The Catechism itself is simply a compendium and summary of the teachings of the Church. the Catechism contains infallible teachings but it not an infallible document. It is not really a level of authority in and of itself, the only authority is from the proclamations of the actual teachings themselves.
As (then) Cardinal Ratzinger noted in his book Introduction to the Catechism of the Catholic Church (p. 27):
The individual doctrine which the Catechism presents receive no other weight than that which they already possess. The weight of the Catechism itself lies in the whole.
And from the USCCB:
Is the doctrinal authority of the Catechism equal to that of the dogmatic definitions of a pope or ecumenical council?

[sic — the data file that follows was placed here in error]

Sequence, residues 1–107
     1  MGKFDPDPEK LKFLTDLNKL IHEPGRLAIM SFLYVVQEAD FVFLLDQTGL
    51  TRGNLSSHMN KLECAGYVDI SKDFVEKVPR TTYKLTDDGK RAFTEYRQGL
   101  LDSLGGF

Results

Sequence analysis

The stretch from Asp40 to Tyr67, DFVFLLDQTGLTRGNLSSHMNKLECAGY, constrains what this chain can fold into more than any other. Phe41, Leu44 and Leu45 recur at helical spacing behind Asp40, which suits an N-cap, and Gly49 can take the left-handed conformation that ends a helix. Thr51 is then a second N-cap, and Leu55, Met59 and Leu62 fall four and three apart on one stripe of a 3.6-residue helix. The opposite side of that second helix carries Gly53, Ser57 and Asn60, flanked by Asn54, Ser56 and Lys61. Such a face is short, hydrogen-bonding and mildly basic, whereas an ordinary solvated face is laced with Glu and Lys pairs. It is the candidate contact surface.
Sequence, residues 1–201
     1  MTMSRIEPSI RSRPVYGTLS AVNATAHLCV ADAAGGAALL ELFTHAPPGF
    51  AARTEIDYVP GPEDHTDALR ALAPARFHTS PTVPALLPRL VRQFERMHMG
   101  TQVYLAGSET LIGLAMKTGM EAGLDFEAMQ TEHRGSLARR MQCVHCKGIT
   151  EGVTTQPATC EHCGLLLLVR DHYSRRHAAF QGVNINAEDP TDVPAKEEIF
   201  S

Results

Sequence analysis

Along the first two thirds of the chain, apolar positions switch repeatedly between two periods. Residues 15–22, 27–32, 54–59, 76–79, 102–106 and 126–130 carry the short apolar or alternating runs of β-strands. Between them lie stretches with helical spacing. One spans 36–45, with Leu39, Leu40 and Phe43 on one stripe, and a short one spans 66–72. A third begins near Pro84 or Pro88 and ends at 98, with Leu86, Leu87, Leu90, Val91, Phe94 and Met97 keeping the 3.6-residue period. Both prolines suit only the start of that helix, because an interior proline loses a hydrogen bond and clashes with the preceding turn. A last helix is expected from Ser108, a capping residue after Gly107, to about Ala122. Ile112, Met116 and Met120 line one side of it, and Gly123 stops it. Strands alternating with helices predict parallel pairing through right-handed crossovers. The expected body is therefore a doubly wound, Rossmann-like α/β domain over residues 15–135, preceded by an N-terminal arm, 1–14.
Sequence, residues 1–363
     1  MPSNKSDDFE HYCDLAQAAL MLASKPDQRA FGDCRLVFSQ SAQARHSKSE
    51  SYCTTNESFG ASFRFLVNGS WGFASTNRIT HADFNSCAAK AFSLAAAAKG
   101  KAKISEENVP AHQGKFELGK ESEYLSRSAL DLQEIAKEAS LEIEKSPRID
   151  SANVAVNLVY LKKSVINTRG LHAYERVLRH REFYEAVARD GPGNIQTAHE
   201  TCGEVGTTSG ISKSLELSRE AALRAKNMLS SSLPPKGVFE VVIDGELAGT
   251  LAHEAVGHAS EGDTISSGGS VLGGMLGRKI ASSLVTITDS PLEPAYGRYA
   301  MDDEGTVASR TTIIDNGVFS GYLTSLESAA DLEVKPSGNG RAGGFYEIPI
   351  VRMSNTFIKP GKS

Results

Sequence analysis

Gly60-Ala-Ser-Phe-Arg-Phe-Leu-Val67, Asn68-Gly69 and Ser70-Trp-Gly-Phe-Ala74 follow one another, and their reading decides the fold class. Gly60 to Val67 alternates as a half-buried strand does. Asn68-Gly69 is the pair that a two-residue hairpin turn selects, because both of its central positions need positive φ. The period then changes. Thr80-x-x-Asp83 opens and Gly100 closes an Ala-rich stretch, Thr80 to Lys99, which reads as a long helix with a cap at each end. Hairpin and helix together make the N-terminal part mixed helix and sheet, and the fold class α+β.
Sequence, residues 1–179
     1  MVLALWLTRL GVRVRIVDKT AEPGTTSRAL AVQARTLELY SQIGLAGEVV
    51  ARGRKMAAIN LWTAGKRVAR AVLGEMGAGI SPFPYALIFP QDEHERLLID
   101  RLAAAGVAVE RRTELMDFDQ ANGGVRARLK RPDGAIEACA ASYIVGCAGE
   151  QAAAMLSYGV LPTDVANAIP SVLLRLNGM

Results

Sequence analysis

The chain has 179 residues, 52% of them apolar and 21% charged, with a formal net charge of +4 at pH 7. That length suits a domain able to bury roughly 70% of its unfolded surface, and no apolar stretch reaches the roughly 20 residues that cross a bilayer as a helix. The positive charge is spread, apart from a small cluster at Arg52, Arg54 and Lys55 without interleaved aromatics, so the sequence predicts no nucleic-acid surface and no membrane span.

By its very nature, a catechism presents the fundamental truths of the faith which have already been communicated and defined. Because the Catechism presents Catholic doctrine in a complete yet summary way, it naturally contains the infallible doctrinal definitions of the popes and ecumenical councils in the history of the Church. It also presents teaching which has not been communicated and defined in these most solemn forms. This does not mean that such teaching can be disregarded or ignored. Quite to the contrary, the Catechism presents Catholic doctrine as an organic whole and as it is related to Christ who is the center. A major catechism, such as the Catechism of the Catholic Church, presents a compendium of Church teachings and has the advantage of demonstrating the harmony that exists among those teachings.